An adult female owl was discovered by a concerned citizen June 20 on a residential driveway between Second and Fourth streets on Rosanna Street in central Gilroy, according WERC Executive Director Sue Howell.
An initial examination and X-ray indicated the bones and primary feathers below the wrist of the left wing were "most likely" intentionally removed, says Howell
The procedure is called "pinioning," she
said, and essentially handicaps the bird by rendering it incapable of flight.
has never seen pinioning of a barn owl, but she
believes the creature's wing was deliberately crippled.
"If it was left out in the wild, it would have died," she
According to Howell
, pinioning is often performed on waterfowl or poultry.
says it prevents birds from flying away.
During the procedure, "the bird is not anesthetized," says Howell
"They just cut if off."
says the rest of its body feathers were in very good shape when the owl was discovered, indicating the animal had been in captivity.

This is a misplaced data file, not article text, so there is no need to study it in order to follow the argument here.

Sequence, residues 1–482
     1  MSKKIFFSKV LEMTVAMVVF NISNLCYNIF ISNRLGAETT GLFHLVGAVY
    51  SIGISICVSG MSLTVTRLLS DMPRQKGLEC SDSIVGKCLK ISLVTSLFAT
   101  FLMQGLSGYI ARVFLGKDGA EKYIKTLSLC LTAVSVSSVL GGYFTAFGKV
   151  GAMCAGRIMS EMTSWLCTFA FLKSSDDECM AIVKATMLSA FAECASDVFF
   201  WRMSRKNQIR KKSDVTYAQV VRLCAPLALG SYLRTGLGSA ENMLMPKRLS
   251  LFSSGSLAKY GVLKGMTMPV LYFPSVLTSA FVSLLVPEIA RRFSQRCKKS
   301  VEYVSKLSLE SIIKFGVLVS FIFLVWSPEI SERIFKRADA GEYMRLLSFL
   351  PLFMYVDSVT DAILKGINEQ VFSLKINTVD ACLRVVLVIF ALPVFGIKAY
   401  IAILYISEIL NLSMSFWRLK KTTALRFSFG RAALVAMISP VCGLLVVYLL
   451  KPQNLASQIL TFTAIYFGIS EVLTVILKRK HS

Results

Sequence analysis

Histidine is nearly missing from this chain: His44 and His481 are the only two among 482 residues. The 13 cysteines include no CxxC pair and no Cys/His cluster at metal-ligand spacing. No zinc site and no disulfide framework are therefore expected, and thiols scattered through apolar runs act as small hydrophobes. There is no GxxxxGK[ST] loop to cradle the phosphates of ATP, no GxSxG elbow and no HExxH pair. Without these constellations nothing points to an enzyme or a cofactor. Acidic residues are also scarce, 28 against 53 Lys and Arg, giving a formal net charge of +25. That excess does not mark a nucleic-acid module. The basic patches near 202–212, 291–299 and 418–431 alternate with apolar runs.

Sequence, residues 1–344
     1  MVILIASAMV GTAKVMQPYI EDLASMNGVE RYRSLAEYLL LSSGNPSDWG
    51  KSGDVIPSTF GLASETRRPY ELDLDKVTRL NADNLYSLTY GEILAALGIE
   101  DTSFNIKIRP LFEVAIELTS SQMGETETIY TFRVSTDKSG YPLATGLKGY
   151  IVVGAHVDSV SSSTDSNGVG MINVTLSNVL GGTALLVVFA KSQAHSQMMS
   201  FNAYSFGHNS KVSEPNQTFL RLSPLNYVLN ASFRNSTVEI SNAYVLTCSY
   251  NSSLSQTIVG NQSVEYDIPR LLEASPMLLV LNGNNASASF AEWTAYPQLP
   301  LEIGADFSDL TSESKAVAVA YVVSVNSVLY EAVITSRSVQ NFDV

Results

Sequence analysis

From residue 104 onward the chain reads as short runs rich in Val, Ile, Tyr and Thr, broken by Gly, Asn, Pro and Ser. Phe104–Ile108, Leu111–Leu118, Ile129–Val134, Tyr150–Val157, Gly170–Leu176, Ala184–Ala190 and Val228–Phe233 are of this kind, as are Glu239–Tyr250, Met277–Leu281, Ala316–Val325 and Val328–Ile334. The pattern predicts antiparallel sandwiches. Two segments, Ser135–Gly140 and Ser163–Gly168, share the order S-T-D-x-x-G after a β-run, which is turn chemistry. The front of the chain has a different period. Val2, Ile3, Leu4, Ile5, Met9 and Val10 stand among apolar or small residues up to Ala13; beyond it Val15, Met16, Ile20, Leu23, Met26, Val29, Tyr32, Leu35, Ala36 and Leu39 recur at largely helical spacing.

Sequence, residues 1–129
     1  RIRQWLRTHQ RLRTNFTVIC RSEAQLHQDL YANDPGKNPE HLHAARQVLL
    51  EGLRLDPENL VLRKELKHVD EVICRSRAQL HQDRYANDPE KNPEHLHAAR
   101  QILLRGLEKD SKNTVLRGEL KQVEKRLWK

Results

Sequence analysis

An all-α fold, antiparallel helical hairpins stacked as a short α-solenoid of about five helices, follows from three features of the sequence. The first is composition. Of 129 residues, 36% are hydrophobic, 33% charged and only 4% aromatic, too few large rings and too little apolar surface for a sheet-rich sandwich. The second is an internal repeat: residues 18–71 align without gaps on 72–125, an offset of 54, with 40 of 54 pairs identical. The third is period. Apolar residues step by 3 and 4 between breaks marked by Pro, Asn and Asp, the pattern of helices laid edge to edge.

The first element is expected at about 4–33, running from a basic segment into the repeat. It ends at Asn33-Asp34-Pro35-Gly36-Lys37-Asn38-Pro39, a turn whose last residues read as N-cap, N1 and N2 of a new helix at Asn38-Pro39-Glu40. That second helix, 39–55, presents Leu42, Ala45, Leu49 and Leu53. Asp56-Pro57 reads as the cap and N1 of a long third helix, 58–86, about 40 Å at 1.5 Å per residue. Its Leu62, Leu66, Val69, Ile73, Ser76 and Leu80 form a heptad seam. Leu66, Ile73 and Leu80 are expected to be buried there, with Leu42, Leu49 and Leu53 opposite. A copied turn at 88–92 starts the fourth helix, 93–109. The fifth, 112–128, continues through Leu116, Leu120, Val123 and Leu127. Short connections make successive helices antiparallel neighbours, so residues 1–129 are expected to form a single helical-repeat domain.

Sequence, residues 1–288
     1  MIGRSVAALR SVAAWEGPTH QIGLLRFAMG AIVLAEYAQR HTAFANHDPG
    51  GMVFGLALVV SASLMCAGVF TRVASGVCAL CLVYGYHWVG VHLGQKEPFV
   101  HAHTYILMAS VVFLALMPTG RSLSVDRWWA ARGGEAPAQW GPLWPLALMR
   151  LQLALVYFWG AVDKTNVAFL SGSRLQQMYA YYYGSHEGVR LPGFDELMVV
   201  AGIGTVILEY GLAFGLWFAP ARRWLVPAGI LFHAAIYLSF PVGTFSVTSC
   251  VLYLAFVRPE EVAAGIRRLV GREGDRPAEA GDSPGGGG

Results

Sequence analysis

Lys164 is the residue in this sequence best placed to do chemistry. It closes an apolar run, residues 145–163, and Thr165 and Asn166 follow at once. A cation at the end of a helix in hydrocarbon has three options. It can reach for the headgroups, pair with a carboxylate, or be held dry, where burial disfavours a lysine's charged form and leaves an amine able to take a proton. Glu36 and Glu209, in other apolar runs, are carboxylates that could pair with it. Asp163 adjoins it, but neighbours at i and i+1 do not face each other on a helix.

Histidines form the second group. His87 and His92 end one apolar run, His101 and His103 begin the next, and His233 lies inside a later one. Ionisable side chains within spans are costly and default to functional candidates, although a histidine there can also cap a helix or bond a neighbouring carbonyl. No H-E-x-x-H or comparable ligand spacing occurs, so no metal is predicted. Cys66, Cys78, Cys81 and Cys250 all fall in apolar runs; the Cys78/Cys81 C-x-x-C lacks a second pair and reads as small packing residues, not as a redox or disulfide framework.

The lack of bleeding or infection around the wing area confirmed suspicions that mutilation was not caused by accident, she
"We have all these other barn owls getting ready for release," she
said Tuesday over the phone.
"And then you have this one that is beautiful, but has to remain in captivity for what somebody did just to have a pet ... it's such a hard case.
It's very emotional."
Whereas clipped feathers grow back, Howell points out pinioning is permanent and will "doom" birds of prey.
With the exception of zoos or rescue organizations who possess special permits, Howell
reminds the public that barn owls are protected under the Migratory Bird Treaty Act.
The legislation was passed in 1918 and prohibits ownership of certain species of migratory birds.
initially contacted all South County veterinarians in June to see if anyone had recently performed a "pinioning" procedure, or knew of anyone who had.
This yielded no information, she
also contacted the California Department of Fish & Wildlife
"They checked their records, and no permits have been issued at all to anybody in the area for a barn owl," she
Underscoring the Garlic Festival as "important to the community," Howell
did not want to "dampen" a happy time of the year for Gilroyans with sad news, which is why she
waited to file a report with the Gilroy Police Department
and notify the media.
is concerned whoever maimed the flightless owl is a repeat offender, capable of striking again.
"Say the owl escaped, they might go for another one," Howell
"Hopefully we can find out who did this."
The bird has not been named, and its age is unknown.
confirms the bird is in good health and will not be euthanized.